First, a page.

Texas Adverse Possession Laws
Created by FindLaw's team of legal writers and editors | Last reviewed September 28, 2017
It seems a bit counter-intuitive, but under the legal theory of adverse possession, if someone trespasses onto land continuously and improves the land over a period of time, title to the land may eventually pass to the trespasser. Adverse possession laws are intended to promote the productive use and maintenance of the land and discourage letting land go to waste. In general, to obtain title to land through adverse possession, a trespasser must satisfy four requirements:
- He or she must enter or use the land without the permission of the owner;
- He or she must actually be present on the land, as well as treating and using it as if it were his or her own;
- He or she must use the land in an open and obvious way; and
- He or she must use the land for a continuous period of time, without sharing possession with others (unless it would constitute adverse possession by tenants in common).
To give an example, someone who publicly inhabits a foreclosed house for a certain period of time, improves the property, and pays taxes may claim legal residence. In Texas, the landowner has 25 years in which to challenge the claim -- and then title passes to the trespasser.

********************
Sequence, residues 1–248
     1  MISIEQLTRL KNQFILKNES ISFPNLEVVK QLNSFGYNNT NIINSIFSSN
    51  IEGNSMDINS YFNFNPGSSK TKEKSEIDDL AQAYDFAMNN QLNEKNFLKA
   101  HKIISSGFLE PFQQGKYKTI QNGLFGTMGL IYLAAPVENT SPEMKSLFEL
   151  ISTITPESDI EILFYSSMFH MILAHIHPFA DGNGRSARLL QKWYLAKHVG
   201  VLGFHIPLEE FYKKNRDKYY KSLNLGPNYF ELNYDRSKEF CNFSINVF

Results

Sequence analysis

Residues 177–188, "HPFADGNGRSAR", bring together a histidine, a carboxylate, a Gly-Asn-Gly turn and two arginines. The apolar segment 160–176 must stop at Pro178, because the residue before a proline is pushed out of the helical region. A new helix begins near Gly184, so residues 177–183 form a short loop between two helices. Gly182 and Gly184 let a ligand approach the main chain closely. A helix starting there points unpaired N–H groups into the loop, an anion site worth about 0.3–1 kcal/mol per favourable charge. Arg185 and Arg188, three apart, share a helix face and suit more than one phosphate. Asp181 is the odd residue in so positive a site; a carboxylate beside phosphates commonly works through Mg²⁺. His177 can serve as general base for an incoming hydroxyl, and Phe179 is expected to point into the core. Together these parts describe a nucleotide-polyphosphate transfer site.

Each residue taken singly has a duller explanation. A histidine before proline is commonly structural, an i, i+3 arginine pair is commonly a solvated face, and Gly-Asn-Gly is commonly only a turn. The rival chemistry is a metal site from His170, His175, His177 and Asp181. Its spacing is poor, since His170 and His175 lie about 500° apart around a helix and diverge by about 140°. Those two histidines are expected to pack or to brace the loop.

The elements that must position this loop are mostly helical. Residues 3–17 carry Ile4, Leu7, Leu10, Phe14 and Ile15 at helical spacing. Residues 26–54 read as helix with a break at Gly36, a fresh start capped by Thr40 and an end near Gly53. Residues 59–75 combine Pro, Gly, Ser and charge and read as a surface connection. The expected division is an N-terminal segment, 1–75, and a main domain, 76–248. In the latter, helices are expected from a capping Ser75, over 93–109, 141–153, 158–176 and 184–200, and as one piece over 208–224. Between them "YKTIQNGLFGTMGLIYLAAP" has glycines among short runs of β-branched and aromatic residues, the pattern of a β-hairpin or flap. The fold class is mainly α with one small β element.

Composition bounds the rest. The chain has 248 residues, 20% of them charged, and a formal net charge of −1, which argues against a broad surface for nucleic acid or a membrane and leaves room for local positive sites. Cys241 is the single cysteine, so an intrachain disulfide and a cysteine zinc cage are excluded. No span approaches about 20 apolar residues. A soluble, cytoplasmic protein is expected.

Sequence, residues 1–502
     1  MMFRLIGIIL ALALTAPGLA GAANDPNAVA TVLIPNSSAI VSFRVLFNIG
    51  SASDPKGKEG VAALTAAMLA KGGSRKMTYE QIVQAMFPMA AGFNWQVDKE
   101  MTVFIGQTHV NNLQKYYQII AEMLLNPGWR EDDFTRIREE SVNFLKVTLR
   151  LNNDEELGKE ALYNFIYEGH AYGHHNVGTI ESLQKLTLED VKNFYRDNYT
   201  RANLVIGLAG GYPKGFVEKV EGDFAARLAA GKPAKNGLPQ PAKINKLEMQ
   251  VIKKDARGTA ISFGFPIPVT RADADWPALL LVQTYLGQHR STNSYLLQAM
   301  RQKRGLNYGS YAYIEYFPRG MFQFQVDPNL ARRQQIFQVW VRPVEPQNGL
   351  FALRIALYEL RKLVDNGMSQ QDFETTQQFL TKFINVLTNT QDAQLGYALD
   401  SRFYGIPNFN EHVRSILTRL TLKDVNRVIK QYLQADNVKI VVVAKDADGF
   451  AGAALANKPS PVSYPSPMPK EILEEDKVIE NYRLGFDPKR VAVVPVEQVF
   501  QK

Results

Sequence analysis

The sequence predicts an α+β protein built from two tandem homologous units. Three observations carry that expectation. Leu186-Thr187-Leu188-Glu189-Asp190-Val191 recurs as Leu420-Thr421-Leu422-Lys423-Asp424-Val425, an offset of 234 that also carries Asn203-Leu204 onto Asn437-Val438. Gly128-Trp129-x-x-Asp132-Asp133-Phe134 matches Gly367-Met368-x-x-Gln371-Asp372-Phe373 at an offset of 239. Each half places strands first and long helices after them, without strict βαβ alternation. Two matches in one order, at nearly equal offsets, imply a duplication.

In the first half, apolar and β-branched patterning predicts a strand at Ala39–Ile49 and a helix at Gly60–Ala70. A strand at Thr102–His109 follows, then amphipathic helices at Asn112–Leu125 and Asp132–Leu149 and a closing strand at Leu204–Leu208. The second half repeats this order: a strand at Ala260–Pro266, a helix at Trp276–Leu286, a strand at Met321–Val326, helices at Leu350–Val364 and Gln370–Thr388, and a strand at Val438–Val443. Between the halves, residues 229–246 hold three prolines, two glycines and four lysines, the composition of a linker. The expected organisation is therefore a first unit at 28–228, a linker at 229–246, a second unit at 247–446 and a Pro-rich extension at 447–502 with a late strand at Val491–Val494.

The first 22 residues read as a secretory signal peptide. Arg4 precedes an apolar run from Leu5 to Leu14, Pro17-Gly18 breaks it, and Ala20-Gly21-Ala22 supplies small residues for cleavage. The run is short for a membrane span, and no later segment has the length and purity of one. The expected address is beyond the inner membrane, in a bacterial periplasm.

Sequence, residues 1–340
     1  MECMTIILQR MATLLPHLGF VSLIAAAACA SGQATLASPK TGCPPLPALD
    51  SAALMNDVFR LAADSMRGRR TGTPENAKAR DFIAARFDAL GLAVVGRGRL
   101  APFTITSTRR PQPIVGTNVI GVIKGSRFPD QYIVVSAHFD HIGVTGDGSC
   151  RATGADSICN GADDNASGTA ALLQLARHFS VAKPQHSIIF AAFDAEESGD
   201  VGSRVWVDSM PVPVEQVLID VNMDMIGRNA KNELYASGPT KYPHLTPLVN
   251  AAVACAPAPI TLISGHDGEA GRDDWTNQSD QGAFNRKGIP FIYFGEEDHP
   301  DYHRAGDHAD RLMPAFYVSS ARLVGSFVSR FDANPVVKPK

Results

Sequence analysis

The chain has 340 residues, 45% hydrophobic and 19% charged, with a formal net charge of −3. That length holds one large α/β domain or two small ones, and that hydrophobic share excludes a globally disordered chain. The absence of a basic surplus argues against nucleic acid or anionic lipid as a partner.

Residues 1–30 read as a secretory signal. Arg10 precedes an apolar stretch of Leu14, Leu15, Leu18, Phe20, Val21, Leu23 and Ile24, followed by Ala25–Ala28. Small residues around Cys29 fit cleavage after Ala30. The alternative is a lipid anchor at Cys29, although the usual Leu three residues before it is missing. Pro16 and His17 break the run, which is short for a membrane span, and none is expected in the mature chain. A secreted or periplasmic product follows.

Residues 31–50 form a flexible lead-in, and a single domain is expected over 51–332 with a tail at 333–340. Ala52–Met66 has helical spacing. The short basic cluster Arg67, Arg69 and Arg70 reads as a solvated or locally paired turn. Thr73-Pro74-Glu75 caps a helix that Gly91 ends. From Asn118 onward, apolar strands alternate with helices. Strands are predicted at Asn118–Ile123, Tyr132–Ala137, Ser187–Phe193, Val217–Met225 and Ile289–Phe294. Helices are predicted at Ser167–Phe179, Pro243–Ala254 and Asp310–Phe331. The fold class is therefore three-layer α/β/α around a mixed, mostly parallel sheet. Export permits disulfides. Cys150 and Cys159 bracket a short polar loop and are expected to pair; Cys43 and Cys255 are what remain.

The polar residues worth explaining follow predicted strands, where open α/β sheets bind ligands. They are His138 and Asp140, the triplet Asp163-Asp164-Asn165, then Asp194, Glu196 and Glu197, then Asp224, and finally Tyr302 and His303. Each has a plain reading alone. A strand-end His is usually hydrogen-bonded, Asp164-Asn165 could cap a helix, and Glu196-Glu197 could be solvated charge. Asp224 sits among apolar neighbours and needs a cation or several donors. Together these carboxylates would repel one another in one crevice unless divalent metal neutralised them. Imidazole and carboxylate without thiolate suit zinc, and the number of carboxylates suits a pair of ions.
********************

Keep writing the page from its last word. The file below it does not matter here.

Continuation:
Learn more about Texas adverse possession laws and related matters below.
Civ. Prac. & Rem. §16.024, et seq.
Time Period Required for Occupation
10 yrs.and Color of Title: 3 yrs. and Color of Title/Payment of taxes: 5 yrs
Time for Landowner to Challenge/Effect of Landowner's Disability
With disability: 25 yrs.
Taxes plus cultivation: 5 yrs.; Cultivation only: 10 yrs.
Payment of Taxes
Title from Tax Assessor
Note: State laws are always subject to change through the passage of new legislation, rulings in the higher courts (including federal decisions), ballot initiatives, and other means. While we strive to provide the most current information available, please consult an attorney or conduct your own legal research to verify the state law(s) you are researching.
For more information on Texas adverse possession laws, feel free to check out the links to the related resources provided below. You can also learn more about this area of law, in general, by browsing FindLaw’s real estate law section. Finally, if you believe you have an adverse possession claim, or you would like to protect yourself from an adverse possession claim, you may want to talk to a local Texas real estate lawyer.
Research the Law
- Texas Law
- Official State Codes - Links to the official online statutes (laws) in all 50 states and DC.
Texas Adverse Possession Laws: Related Resources
- Land Use and Zoning Basics
- Adverse Possession: Continuous Trespassers' Rights
- Find a Land Use & Zoning Attorney
Contact a Texas Real Estate Attorney
It can be difficult to actually obtain property through adverse possession because you must meet all the requirements. Whether you are trying to establish an adverse possession claim or trying to defend against a claim, you will need the expertise of a lawyer. You should contact an attorney experienced in Texas real estate.
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Meeting with a lawyer can help you understand your options and how to best protect your rights. Visit our attorney directory to find a lawyer near you who can help.
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